108-year-old great-granddaughter of slaves receives state award for lifetime of service

(Source: Wilson Family)
(Source: Wilson Family)

COLUMBIA, SC (WIS) - At 108 years old, Donella Wilson is the newest recipient of the Order of the Palmetto.

Governor Henry McMaster delivered the award to Ms. Wilson on Wednesday in her downtown Columbia home. The governor awards citizens of South Carolina who have exhibited extraordinary lifetime service in their communities.

Wilson is a longtime educator and community activist.

"Her grandparents and great-grandparents, all of them would be very proud of something like this," said Jackie Whitmire, Ms. Wilson's grandnephew. "You know your little girl grew up on a plantation and now the governor is at your house to give you the Order of the Palmetto, that's a very powerful statement."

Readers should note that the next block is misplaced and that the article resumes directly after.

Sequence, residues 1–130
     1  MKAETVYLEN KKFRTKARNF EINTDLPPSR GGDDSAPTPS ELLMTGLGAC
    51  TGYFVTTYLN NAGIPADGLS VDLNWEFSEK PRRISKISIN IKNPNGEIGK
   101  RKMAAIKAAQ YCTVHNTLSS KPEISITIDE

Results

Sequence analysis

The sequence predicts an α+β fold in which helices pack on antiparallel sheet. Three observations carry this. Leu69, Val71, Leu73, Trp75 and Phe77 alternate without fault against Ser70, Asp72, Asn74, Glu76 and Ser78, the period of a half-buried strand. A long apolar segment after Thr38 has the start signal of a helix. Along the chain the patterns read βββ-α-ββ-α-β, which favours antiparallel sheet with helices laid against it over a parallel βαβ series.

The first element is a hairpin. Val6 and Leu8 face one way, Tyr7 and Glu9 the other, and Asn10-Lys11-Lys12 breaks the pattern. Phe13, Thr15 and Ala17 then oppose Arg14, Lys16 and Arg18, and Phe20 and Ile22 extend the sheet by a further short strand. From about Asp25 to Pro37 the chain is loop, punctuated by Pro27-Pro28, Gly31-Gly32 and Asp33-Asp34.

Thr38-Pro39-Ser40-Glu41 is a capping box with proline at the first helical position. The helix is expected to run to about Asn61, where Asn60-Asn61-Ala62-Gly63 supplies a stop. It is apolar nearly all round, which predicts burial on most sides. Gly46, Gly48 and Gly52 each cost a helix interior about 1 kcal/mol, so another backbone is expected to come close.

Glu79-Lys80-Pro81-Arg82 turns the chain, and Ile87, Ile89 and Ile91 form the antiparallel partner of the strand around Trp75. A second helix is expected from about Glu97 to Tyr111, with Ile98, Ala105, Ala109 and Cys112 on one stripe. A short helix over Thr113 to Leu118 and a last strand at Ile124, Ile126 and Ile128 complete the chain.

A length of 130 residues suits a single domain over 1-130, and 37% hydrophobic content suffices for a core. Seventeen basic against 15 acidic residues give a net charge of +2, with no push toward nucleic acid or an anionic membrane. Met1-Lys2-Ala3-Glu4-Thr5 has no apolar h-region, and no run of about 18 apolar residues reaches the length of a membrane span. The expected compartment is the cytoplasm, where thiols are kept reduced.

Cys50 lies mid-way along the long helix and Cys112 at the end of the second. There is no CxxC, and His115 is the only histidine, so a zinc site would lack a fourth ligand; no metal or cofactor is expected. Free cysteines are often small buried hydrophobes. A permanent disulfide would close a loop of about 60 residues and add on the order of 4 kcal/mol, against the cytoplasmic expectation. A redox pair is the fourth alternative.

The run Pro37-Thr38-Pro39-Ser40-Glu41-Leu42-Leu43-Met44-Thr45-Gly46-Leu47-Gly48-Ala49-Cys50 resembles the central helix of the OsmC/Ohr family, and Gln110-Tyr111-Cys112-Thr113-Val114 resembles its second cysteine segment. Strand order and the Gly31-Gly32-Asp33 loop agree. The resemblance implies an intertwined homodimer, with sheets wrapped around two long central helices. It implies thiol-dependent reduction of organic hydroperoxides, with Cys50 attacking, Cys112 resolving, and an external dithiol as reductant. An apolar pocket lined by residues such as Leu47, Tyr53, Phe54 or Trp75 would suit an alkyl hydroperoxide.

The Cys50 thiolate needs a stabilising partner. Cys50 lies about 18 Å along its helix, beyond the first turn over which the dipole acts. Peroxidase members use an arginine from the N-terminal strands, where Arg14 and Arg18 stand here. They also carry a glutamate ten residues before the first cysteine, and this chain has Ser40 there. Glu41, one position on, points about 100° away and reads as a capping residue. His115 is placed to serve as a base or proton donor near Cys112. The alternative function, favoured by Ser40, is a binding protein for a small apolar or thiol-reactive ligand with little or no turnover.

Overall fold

Donella Wilson grew up on Lang Syne Plantation in Fort Motte, where her great-grandparents were slaves. She taught herself to read, before becoming a teacher after graduating from Allen University.

She taught in rural South Carolina counties for years, and she hasn't missed voting in an election since 1947. She's a staunch advocate for organizations like the NAACP and the Eastern Star.

"All these organizations are organizations that have lifted up their people," Whitmire said. "Lifting up people in the community. Giving them light and giving them empowerment."

According to Wilson's oldest daughter, 82-year-old Shirley Wilson-Clinton, empowerment is something her mother passed along to her kids and grandchildren, too.

"She always told us to use the golden rule as a measuring stick," she said. "These things can be done with determination."

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